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The Coptic calendar, also called the Alexandrian calendar, is a liturgical calendar used by the Coptic Orthodox Church and also used by the farming populace in Egypt. This calendar is based on the ancient Egyptian calendar. To avoid the calendar creep of the latter (which contained only 365 days each year, year after year, so that the seasons shifted about one day every four years), a reform of the ancient Egyptian calendar was introduced at the time of Ptolemy III (Decree of Canopus, in 238 BC) which consisted of the intercalation of a sixth epagomenal day every fourth year. However, this reform was opposed by the Egyptian priests, and the reform was not adopted until 25 BC, when the Roman Emperor Augustus imposed the Decree upon Egypt as its official calendar (although initially, namely between 25 BC and AD 5, it was unsynchronized with the newly introduced Julian calendar which had erroneously been intercalating leap days every third year due to a misinterpration of the leap year rule so as to apply inclusive counting[ clarification needed ][ citation needed ]). To distinguish it from the Ancient Egyptian calendar, which remained in use by some astronomers until medieval times, this reformed calendar is known as the Coptic or Alexandrian calendar. Its years and months coincide with those of the Ethiopian calendar but have different numbers and names.
The Coptic year is the extension of the ancient Egyptian civil year, retaining its subdivision into the three seasons, four months each. The three seasons are commemorated by special prayers in the Coptic Liturgy. This calendar is still in use all over Egypt by farmers to keep track of the various agricultural seasons. The Coptic calendar has 13 months, 12 of 30 days each and one at the end of the year of 5 days, or 6 days in leap years. The Coptic Leap Year follows the same rules as the Julian Calendar so that the extra month always has six days in the year before a Julian Leap Year.[ citation needed ]
The year starts on the Feast of Neyrouz, the first day of the month of Thout, the first month of the Egyptian year. For 1901 to 2098 it coincides with the Gregorian Calendar's 11 September, or 12 September before a leap year, but for any year, it coincides with the Julian Calendar's 29 August, or 30 August before a leap year. Coptic years are counted from 284 AD, the year Diocletian became Roman Emperor, whose reign was marked by tortures and mass executions of Christians, especially in Egypt. Hence, the Coptic year is identified by the abbreviation A.M. (for Anno Martyrum or "Year of the Martyrs"). The first day of the year I of the Coptic era was 29 August 284 in the Julian calendar. Note that A.M. abbreviation is also used for unrelated calendar eras (such as the Byzantine and Jewish calendar epochs) which start at the putative creation of the world; it then stands for Anno Mundi .
Easter is reckoned by the Julian Calendar in combination with the uncorrected repetition of the 19-year Metonic cycle.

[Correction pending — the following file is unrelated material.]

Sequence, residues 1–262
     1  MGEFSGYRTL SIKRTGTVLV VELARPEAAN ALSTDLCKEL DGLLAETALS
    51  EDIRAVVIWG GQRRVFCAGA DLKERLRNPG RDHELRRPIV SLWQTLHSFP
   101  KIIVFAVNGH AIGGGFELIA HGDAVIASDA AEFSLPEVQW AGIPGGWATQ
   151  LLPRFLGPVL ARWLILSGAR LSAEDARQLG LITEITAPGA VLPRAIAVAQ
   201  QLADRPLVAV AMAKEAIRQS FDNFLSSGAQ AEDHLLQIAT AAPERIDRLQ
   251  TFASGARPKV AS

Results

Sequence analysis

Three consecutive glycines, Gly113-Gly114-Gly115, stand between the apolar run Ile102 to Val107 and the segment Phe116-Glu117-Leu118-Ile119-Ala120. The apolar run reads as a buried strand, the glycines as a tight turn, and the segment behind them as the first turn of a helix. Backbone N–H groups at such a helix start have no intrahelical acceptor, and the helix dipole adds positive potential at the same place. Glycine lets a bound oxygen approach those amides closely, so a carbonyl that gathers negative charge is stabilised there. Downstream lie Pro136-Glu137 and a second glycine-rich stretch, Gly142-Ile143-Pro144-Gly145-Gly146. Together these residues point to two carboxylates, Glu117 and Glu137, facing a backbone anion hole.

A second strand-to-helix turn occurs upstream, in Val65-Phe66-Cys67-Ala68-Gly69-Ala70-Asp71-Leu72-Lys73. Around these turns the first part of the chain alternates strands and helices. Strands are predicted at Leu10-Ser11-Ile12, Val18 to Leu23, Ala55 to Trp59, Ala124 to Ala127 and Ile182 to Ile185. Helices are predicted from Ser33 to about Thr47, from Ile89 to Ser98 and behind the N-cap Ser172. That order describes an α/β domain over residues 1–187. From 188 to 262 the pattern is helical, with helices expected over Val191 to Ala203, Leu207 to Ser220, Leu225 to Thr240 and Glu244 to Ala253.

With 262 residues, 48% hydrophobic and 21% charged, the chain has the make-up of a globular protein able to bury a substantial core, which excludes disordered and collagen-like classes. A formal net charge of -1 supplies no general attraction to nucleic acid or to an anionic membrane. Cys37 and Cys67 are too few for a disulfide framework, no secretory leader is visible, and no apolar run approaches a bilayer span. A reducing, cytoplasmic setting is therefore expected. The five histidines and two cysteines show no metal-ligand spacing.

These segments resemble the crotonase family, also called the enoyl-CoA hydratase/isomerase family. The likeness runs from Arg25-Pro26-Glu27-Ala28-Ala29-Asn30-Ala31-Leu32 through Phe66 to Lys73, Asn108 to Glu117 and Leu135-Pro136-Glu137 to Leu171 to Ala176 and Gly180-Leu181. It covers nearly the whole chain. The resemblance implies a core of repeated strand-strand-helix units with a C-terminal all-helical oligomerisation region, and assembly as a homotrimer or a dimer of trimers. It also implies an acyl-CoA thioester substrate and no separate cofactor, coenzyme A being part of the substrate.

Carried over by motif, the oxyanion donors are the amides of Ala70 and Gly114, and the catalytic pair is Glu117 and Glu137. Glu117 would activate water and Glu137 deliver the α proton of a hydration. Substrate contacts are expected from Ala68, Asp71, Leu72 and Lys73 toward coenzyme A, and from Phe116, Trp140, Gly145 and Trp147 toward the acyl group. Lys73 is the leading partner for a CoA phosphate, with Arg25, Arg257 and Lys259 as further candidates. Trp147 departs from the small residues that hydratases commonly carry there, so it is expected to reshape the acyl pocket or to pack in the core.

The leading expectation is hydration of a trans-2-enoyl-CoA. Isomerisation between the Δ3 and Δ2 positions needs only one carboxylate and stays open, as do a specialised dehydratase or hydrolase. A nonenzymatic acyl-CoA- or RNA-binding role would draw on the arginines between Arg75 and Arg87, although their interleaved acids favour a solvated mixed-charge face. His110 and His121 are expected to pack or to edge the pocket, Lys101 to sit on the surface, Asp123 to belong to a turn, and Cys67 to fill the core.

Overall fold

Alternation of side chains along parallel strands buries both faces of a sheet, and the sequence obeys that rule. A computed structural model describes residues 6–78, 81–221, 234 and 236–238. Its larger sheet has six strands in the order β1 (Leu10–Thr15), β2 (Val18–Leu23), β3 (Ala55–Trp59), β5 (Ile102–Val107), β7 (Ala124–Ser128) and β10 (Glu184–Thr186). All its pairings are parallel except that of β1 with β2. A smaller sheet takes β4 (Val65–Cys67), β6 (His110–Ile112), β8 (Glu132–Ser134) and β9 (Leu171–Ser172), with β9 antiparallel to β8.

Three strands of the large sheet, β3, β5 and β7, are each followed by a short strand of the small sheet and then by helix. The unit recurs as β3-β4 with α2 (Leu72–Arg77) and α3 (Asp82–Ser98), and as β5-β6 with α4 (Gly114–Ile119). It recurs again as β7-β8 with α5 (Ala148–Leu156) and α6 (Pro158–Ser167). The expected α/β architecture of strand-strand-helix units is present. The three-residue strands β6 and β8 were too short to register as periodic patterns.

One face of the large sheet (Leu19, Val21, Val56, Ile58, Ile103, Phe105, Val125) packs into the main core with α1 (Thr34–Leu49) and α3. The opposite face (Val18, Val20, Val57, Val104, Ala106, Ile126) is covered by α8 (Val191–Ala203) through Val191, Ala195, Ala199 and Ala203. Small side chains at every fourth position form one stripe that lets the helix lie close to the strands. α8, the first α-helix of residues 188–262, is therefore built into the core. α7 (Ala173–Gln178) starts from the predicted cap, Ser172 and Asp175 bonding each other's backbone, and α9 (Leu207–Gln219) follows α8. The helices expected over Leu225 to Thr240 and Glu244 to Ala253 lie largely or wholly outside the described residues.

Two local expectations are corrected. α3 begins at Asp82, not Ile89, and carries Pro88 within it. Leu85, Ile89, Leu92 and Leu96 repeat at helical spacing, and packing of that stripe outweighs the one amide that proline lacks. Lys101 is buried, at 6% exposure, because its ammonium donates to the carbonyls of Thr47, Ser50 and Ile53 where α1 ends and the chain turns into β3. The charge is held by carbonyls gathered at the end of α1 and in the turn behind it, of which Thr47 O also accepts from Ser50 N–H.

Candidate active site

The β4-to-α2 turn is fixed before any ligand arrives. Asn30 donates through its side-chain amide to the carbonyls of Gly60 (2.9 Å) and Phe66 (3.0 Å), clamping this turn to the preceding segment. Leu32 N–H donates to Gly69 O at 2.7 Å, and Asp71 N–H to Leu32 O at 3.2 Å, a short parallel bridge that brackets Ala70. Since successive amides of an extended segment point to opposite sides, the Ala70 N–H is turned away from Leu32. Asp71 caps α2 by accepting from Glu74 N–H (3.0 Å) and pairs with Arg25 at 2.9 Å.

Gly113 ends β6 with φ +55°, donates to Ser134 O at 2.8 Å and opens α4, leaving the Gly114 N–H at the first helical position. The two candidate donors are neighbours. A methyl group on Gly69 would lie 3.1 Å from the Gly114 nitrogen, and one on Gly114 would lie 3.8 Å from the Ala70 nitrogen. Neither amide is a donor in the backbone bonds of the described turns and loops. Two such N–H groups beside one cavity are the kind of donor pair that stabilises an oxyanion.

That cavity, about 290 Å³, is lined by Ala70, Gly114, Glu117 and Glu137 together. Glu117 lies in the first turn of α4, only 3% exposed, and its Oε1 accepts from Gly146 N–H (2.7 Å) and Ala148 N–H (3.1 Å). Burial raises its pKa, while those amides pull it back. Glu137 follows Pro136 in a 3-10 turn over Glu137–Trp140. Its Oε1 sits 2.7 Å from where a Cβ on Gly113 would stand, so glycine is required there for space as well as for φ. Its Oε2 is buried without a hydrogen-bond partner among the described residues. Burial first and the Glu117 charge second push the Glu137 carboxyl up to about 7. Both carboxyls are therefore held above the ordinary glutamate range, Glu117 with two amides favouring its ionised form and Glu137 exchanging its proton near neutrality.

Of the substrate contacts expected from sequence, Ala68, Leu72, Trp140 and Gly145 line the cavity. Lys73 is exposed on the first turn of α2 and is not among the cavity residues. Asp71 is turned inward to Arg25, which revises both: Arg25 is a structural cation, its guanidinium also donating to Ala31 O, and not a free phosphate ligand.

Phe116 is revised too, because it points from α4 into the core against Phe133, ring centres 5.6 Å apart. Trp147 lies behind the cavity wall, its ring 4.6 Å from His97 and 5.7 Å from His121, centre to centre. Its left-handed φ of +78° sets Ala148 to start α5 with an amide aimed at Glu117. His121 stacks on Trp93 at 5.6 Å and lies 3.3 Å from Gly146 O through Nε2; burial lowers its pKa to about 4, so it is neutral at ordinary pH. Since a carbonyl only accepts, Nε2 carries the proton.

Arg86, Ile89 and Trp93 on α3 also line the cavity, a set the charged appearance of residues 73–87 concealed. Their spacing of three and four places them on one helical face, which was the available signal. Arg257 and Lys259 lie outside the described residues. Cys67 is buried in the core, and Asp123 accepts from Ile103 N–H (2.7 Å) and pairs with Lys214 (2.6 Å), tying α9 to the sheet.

To obtain the Coptic year number, subtract from the Julian year number either 283 (before the Julian new year) or 284 (after it).
Coptic Christmas is observed on what the Julian Calendar labels 25 December, a date that currently corresponds with 7 January on the more widely used Gregorian Calendar (which is also when Christmas is observed in Eastern Orthodox countries such as Russia). The 25 December Nativity of Christ was alleged very early by Hippolytus of Rome (170–236) in his Commentary on Daniel 4:23: "The first coming of our Lord, that in the flesh, in which he was born at Bethlehem, took place eight days before the calends of January, a Wednesday, in the forty-second year of the reign of Augustus, 5500 years from Adam." Another early source is Theophilus Bishop of Caesarea (115–181): "We ought to celebrate the birth-day of our Lord on what day soever the 25th of December shall happen." (Magdeburgenses, Cent. 2. c. 6. Hospinian, de origine Festorum Christianorum). However, it was not until 367 that 25 December began to be universally accepted. Before that, the Eastern Church had kept 6 January as the Nativity under the name "Epiphany." John Chrysostom, in a sermon preached in Antioch in 387, relates how the correct date of the Nativity was brought to the East ten years earlier. Dionysius of Alexandria emphatically quoted mystical justifications for this very choice. 25 March was considered to be the anniversary of Creation itself. It was the first day of the year in the medieval Julian calendar and the nominal vernal equinox (it had been the actual equinox at the time when the Julian calendar was originally designed). Considering that Jesus was thought to have been conceived on that date, 25 March was recognized as the Feast of the Annunciation which had to be followed, nine months later, by the celebration of the birth of Christ, Christmas, on 25 December.
There may have been more practical considerations for choosing 25 December. The choice would help substitute a major Christian holiday for the popular Pagan celebrations surrounding the Winter Solstice (Roman Sol Sticia, the three-day stasis when the sun would rise consecutively in its southernmost point before heading north, 21, 22 and 23 December. In AD 274, Emperor Aurelian had declared a civil holiday on 25 December (the "Festival of the birth of the Unconquered Sun") to celebrate the deity Sol Invictus. Finally, joyous festivals are needed at that time of year, to fight the natural gloom of the season (in the Northern Hemisphere).